Kafka Administration Using Command Line Tools

In some situations, it is convenient to use the command line tools available in Kafka to administer your cluster. However, it is important to note that not all tools available for Kafka are supported by Cloudera. Moreover, certain administration tasks can be carried more easily and conveniently using Cloudera Manager. Therefore, before you continue, make sure to review Unsupported Command Line Tools and Notes on Kafka CLI Administration.

Unsupported Command Line Tools

The following tools can be found as part of the Kafka distribution, but their use is generally discouraged for various reasons as documented here.

Tool Notes


Kafka Connect is currently not supported.
kafka-acls Cloudera recommends using Sentry to manage ACLs instead of this tool.
kafka-broker-api-versions Primarily useful for Client-to-Broker protocol related development.
kafka-configs Use Cloudera Manager to adjust any broker or security properties instead of the kafka‑configs tool. This tool should only be used to modify topic properties.
kafka-delete-records Do not use with CDH.
kafka-log-dirs For querying log directory message. You can use the Cloudera Manager console instead: Kafka > Instances > Active Controller > Log Files > Role Log File
kafka-mirror-maker Use Cloudera Manager to create any CDH Mirror Maker instance.
kafka-preferred-replica-election This tool causes leadership for each partition to be transferred back to the 'preferred replica'. It can be used to balance leadership among the servers.

It is recommended to use kafka-reassign-partitions instead of kafka-preferred-replica-election.
kafka-replay-log-producer Can be used to “rename” a topic.
kafka-replica-verification Validates that all replicas for a set of topics have the same data. This tool is a “heavy duty” version of the ISR column of kafka-topics tool.


Use Cloudera Manager to manage any Kafka host.
kafka-simple-consumer-shell Deprecated in Apache Kafka.
kafka-streams-application-reset Kafka Streams is currently not supported.


These scripts are intended for system testing.



Use Cloudera Manager to manage any Zookeeper host.
zookeeper-shell Limit usage of this script to reading information from Zookeeper.

Notes on Kafka CLI Administration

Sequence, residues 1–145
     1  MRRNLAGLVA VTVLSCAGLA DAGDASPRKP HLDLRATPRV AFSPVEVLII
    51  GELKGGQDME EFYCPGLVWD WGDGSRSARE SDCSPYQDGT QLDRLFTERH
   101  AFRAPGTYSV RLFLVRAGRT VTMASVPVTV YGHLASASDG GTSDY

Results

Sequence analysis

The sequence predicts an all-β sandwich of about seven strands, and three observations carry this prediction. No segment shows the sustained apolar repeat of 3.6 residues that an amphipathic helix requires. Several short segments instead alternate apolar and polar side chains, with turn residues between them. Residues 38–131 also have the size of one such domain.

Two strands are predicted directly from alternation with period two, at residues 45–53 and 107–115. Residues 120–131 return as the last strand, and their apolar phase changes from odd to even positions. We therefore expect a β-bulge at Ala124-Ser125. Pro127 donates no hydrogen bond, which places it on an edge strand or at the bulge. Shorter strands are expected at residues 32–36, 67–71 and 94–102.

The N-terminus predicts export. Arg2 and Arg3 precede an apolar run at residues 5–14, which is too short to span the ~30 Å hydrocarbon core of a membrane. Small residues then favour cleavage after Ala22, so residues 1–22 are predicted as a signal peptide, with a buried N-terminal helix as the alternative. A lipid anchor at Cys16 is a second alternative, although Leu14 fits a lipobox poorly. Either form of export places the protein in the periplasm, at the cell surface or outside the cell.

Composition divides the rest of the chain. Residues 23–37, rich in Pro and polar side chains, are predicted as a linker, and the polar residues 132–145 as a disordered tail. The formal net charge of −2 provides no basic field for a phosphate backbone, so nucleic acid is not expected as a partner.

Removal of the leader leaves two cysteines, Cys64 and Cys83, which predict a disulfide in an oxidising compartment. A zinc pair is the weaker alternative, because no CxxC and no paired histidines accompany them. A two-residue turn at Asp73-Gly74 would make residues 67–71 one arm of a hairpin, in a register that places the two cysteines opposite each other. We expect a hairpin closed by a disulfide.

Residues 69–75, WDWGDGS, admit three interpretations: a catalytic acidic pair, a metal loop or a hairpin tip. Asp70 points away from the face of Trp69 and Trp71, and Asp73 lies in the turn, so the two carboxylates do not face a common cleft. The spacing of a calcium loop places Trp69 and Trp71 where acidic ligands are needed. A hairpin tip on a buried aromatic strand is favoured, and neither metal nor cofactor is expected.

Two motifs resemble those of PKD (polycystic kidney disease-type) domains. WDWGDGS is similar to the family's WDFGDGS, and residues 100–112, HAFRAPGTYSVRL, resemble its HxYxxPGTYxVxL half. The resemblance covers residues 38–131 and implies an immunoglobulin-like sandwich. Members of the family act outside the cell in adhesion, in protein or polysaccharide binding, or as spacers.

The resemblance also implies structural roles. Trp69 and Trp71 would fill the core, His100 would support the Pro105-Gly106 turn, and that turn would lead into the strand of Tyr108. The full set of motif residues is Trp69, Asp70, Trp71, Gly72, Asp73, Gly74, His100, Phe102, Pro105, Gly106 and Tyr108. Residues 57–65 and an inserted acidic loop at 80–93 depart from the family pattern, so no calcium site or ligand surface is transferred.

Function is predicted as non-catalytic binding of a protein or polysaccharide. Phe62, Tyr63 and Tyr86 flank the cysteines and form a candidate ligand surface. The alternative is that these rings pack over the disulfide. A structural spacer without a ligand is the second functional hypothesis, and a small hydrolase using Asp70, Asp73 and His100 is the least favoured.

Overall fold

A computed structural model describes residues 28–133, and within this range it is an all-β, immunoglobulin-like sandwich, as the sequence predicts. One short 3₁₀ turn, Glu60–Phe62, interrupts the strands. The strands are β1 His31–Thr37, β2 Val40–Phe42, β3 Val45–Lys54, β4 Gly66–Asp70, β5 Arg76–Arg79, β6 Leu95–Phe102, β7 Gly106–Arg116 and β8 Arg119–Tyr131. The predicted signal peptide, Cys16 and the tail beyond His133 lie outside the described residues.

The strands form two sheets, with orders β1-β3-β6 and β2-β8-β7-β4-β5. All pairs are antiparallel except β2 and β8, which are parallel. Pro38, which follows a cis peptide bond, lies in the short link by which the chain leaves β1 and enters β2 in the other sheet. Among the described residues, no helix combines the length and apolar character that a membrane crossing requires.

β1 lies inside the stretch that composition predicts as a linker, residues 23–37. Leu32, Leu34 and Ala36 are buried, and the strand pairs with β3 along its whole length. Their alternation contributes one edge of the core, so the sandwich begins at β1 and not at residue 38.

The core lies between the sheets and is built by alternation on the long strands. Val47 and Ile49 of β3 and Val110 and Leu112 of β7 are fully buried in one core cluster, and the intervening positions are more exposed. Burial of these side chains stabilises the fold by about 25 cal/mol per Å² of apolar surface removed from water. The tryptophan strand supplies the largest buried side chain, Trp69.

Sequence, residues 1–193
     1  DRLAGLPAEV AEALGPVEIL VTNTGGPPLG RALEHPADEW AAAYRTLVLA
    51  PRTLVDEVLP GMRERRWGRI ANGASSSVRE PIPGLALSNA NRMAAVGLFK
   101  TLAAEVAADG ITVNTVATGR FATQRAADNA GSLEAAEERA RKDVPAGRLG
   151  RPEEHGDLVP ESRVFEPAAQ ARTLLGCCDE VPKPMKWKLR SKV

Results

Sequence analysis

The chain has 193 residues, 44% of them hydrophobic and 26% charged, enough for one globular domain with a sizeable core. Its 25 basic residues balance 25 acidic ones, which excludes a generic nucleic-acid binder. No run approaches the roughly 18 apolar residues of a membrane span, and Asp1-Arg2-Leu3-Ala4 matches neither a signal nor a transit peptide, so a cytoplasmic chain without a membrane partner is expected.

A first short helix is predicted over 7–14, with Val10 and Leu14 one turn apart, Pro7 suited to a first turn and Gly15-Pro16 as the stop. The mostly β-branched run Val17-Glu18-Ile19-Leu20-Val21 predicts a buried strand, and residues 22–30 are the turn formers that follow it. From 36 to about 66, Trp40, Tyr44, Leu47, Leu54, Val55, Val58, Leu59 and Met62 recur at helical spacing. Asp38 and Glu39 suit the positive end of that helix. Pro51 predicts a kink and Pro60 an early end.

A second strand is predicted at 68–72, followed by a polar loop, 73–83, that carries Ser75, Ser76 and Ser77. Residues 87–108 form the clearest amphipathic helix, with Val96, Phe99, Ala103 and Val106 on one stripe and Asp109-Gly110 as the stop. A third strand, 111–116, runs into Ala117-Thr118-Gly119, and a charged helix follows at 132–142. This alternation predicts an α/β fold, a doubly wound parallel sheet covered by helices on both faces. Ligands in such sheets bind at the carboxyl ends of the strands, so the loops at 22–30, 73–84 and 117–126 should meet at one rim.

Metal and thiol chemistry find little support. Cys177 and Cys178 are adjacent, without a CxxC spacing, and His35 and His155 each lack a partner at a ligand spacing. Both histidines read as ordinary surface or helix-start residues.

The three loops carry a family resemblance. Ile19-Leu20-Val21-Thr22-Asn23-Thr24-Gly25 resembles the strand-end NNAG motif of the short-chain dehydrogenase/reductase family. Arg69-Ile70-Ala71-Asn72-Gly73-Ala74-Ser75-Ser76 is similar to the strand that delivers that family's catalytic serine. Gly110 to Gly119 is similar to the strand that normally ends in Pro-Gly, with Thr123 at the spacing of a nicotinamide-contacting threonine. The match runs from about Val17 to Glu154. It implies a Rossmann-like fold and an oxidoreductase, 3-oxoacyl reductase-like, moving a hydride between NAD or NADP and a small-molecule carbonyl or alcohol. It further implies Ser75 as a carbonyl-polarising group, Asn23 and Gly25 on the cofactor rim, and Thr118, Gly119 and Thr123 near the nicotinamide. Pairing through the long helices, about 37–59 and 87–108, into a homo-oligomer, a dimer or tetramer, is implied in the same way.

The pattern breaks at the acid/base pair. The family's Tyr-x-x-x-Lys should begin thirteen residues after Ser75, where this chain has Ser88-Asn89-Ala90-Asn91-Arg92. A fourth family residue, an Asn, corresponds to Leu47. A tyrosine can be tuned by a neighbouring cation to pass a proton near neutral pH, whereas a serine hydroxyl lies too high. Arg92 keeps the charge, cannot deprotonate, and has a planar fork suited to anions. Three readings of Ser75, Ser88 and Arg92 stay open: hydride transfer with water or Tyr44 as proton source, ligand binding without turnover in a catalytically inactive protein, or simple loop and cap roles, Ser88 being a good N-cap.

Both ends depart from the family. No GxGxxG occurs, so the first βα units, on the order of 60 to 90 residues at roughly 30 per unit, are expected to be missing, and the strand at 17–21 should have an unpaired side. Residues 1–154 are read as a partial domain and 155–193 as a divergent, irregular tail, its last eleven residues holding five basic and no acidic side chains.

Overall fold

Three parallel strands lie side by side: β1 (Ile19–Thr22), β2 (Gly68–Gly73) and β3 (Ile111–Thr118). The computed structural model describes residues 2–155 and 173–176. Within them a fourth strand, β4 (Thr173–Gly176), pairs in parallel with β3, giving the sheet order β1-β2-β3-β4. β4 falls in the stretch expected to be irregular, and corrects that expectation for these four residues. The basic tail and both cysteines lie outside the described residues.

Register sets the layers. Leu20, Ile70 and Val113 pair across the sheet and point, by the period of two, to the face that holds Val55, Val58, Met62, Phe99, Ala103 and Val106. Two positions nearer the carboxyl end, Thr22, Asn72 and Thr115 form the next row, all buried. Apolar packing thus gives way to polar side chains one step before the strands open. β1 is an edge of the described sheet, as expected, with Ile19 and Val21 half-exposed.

Here are some additional points to be aware of regarding Kafka administration:

  • Use Cloudera Manager to start and stop Kafka and Zookeeper services. Do not use the kafka-server-start, kafka-server-stop, zookeeper-server-start, or zookeeper-server-stop commands.
  • For a parcel installation, all Kafka command line tools are located in /opt/cloudera/parcels/KAFKA/lib/kafka/bin/. For a package installation, all such tools can be found in /usr/bin/.
  • Ensure that the JAVA_HOME environment variable is set to your JDK installation directory before using the command-line tools. For example:
    export JAVA_HOME=/usr/java/jdk1.8.0_144-cloudera
  • Using any Zookeeper command manually can be very difficult to get right when it comes to interaction with Kafka. Cloudera recommends that you avoid doing any write operations or ACL modifications in Zookeeper.


Use the kafka-topics tool to generate a snapshot of topics in the Kafka cluster.

kafka-topics --zookeeper zkhost --describe
Topic: topic-a1      PartitionCount:3      ReplicationFactor:3      Configs:
         Topic: topic-a1      Partition: 0      Leader: 64      Replicas: 64,62,63      Isr: 64,62,63
         Topic: topic-a1      Partition: 1      Leader: 62      Replicas: 62,63,64      Isr: 62,63,64
         Topic: topic-a1      Partition: 2      Leader: 63      Replicas: 63,64,62      Isr: 63,64,62
Topic: topic-a2      PartitionCount:1      ReplicationFactor:3      Configs:
         Topic: topic-a2      Partition: 0      Leader: 64      Replicas: 64,62,63      Isr: 64,62,63

The output lists each topic and basic partition information. Note the following about the output:

  • Partition count: The more partitions, the higher the possible parallelism among consumers and producers.
  • Replication factor: Shows 1 for no redundancy and higher for more redundancy.